by Colin Campbell
AS pre-election bribes go, Nicola Sturgeon’s assumption of the new role of Scotland’s playleader in chief is one of the more acceptable.
One of a number of giveaways she’s announced involves a £60 million fund “to renew every playpark in Scotland, so that all children have access to a place to play in their own community”.
Parents and children in the Highlands in particular will not be concerned – quite rightly – about the First Minister’s timely motives for pledging to fix swings and roundabouts. They’ll just be glad that they have an assurance from someone that the work will be done.
Because they can have scant confidence in anyone else.
Whatever else can be said of Sturgeon, she’s not the person to blame when playparks are allowed to disintegrate through neglect into rusting childhood scrapyards.
Playparks are one of the most basic responsibilities of Highland Council and the councillors who live near or close to them.
And in this region there has been an abysmal failure to face up to the requirement to maintain them at a good standard.
Last month the council announced that playparks in Inverness and elsewhere were to be closed after being deemed dangerous.
Workmen were removing play equipment or closing play areas in various locations. Parents were understandably furious, saying that the facilities are particularly vital during the pandemic.
The Inverness Courier reported: “Aird and Loch Ness councillors Margaret Davidson, Helen Carmichael and Emma Knox were taken by surprise by temporary parks closures in their ward. In a joint statement, they said: ‘We have had discussions about the situation and are waiting for a detailed breakdown of why each affected play park is closed. Then, we can plan together to get them open and available as soon as possible.’
“Maxwell Park at Cradlehall is one of the affected play areas. Inverness South councillor Duncan Macpherson is unhappy about closures next to Duncan Forbes Primary School and at Maxwell Park in Cradlehall.”
As we said at the time, this professed “surprise” and “unhappiness” was all very well. But, clearly councillors had been falling down on the job. To have all these playparks fail simultaneously was incredibly unlikely. If they did not fail simultaneously then clearly some had been more dangerous than others for a while. If the council knew that some were dangerous and decided to take no action then the question has to be asked – why?
A contributor to Inverness news and views brought further clarification with information that a Highland Council committee report on playparks was presented to councillors last December 17. The report highlighted “that the current repairs and maintenance/replacement backlog is estimated to be £3.436m across our estate of 339 play parks. Options are presented for discussion”.
Our contributor demanded to know: “How can any councillor imply that they knew nothing about this? They got a copy of the report and it was delegated to the area. They must stop seeming to pretend they knew nothing when it is clear that they did know.”
So Nicola Sturgeon is now riding to the rescue of Highland Council after its chronic neglect of play facilities for children with a £60million funding pledge. And more importantly, she is riding to the rescue of kids who for months have been stuck at home with nowhere safe to play.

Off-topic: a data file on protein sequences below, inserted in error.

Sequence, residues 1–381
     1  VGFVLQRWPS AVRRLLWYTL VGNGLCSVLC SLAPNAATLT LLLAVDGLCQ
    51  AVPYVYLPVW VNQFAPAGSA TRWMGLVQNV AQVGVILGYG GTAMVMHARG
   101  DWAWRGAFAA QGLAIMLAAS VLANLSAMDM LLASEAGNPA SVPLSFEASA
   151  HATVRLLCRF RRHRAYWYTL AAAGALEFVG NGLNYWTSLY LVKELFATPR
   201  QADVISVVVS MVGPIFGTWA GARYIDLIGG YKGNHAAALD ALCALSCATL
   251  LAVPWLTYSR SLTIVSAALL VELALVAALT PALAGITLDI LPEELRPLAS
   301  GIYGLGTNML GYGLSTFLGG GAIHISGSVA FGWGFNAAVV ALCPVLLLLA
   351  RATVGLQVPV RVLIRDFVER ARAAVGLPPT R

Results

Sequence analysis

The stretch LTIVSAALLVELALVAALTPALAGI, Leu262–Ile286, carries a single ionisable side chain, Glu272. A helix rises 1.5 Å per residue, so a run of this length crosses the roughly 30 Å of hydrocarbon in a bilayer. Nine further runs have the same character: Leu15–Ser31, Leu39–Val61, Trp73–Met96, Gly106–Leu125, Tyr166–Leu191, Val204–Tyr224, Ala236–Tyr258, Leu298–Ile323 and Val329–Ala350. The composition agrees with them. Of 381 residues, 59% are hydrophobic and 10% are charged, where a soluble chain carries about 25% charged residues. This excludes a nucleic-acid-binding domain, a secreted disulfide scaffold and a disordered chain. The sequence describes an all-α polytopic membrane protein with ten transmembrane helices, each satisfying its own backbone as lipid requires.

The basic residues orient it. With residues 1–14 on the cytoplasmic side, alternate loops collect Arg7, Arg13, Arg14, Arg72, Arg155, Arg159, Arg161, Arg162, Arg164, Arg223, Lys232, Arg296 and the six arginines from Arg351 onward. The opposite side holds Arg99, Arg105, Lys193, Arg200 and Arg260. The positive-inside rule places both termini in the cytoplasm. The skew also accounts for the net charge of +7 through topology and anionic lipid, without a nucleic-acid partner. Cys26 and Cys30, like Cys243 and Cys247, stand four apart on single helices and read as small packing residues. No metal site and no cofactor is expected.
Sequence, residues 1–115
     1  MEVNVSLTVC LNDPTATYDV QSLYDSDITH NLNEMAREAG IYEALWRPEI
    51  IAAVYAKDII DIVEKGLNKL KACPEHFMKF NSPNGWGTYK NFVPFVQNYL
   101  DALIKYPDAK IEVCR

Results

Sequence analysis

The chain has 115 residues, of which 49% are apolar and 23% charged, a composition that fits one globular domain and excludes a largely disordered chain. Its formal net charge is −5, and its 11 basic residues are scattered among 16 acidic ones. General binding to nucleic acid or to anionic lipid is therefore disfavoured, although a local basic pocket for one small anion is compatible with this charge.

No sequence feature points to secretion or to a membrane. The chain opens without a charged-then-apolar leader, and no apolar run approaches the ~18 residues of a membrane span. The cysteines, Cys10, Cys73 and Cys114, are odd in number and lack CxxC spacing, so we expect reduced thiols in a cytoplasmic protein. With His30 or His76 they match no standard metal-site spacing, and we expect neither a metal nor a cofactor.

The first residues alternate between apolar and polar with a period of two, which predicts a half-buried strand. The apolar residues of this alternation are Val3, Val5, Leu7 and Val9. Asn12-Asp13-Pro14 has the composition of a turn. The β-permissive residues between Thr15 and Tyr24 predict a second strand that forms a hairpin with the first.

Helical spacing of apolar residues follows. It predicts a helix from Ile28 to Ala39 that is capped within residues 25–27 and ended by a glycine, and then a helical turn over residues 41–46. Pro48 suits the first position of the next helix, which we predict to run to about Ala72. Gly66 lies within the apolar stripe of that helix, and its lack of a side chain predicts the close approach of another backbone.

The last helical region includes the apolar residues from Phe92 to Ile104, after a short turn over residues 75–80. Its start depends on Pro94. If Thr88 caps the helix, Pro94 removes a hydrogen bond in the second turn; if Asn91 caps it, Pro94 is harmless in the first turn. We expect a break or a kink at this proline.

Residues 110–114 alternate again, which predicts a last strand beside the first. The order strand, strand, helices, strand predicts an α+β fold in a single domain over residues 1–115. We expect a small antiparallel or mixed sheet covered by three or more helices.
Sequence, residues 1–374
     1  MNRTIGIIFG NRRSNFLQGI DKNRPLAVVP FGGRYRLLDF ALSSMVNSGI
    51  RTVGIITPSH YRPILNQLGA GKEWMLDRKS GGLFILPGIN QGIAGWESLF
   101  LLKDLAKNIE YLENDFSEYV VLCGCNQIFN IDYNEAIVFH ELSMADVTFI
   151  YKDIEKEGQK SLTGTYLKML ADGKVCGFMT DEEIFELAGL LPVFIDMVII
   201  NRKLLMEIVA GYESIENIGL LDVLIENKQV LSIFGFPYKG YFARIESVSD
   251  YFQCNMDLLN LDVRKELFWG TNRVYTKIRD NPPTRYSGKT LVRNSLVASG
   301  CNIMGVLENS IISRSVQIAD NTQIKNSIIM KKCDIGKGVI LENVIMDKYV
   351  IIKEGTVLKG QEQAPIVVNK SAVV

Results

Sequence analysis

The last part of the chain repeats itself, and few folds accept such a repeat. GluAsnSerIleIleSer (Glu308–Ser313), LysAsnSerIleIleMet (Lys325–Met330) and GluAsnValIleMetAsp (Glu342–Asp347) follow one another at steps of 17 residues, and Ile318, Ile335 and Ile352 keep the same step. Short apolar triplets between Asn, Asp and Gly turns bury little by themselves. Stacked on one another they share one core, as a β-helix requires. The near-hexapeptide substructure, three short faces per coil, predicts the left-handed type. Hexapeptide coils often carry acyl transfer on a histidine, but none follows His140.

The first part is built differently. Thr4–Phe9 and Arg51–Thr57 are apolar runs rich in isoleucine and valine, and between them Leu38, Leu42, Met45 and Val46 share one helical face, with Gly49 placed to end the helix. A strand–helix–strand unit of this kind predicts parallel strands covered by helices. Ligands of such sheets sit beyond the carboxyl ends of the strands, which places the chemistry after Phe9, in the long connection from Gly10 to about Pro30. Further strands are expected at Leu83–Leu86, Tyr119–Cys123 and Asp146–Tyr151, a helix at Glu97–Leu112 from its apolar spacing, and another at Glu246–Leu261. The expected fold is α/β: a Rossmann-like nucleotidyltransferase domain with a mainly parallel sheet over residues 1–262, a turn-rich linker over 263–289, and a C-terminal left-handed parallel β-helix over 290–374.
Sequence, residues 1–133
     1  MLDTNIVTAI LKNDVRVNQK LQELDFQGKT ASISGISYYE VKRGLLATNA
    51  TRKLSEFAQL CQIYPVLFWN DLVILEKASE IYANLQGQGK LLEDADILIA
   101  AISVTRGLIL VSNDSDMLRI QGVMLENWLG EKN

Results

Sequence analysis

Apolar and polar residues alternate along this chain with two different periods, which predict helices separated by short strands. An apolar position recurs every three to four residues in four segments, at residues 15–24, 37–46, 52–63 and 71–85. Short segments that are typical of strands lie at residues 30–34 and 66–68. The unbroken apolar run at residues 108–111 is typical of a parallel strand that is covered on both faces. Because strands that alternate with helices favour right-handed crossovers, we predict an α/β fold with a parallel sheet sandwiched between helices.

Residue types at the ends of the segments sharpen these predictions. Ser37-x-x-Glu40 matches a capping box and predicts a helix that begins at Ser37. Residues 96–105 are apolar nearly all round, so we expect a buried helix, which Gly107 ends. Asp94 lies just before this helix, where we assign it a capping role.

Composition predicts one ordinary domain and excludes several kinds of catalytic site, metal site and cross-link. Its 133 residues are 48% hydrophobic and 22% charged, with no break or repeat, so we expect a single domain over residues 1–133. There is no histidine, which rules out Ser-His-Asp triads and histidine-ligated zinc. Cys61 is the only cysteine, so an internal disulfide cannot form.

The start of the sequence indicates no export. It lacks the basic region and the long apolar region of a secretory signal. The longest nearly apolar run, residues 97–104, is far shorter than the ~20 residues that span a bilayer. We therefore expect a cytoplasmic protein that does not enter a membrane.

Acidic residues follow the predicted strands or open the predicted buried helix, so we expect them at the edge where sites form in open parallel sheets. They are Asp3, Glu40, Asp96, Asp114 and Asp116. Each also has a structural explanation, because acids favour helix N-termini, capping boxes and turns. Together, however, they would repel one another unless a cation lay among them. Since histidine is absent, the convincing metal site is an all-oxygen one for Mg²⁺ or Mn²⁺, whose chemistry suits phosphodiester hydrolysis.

Amid all the election sound and fury, some good news at last.
However, there is something else which is all too obvious. Last Thursday we had the worst-ever April Fool’s Day clanger dropped on us when the council announced that work will begin this week on building the £300,000 wall and concrete pathways “Gathering Place” at a beauty spot adjacent to the Ness Islands.
Councillors Helen Carmichael, Margaret Davidson, and Duncan MacPherson may have been “surprised and unhappy” about the closure of playparks on their own doorsteps but they won’t have been caught on the hop by the Gathering Place announcement. That you can bet on.
They have all spoken out in favour of it and voted in support of it. Building this thing, classed as “artwork” that virtually no-one wants or sees any purpose in, has become a council obsession over a three-year saga. This is going ahead because it was decided that something – anything – had to be built on the riverside after public rejection of the “Tilting Pier”. It’s become the ultimate council vanity project.
It’s costing a fortune and no-one will ever know how many hundreds or even thousands of council staff hours have been spent on dragging it to fruition amid endless analysis, debate, dispute and protests over the past three years.
People aren’t going to “gather” at the Gathering Place because concrete has replaced grass at the riverside there. That’s an obvious council fiction peddled to try and provide justification for it.
However, parents and children really would like to be able to gather virtually every day at playparks across Inverness and the Highlands. Playparks are created for fun, games – and gathering. If councillors are so keen on people “gathering” then the condition of playparks should have been first and foremost on their minds. Instead, many were left to rot.
If councillors and officials had spent more time keeping an eye on the state of playparks instead of endlessly obsessing over their pet vanity project on the riverside for the past three years then kids wouldn’t have been so shamefully let down.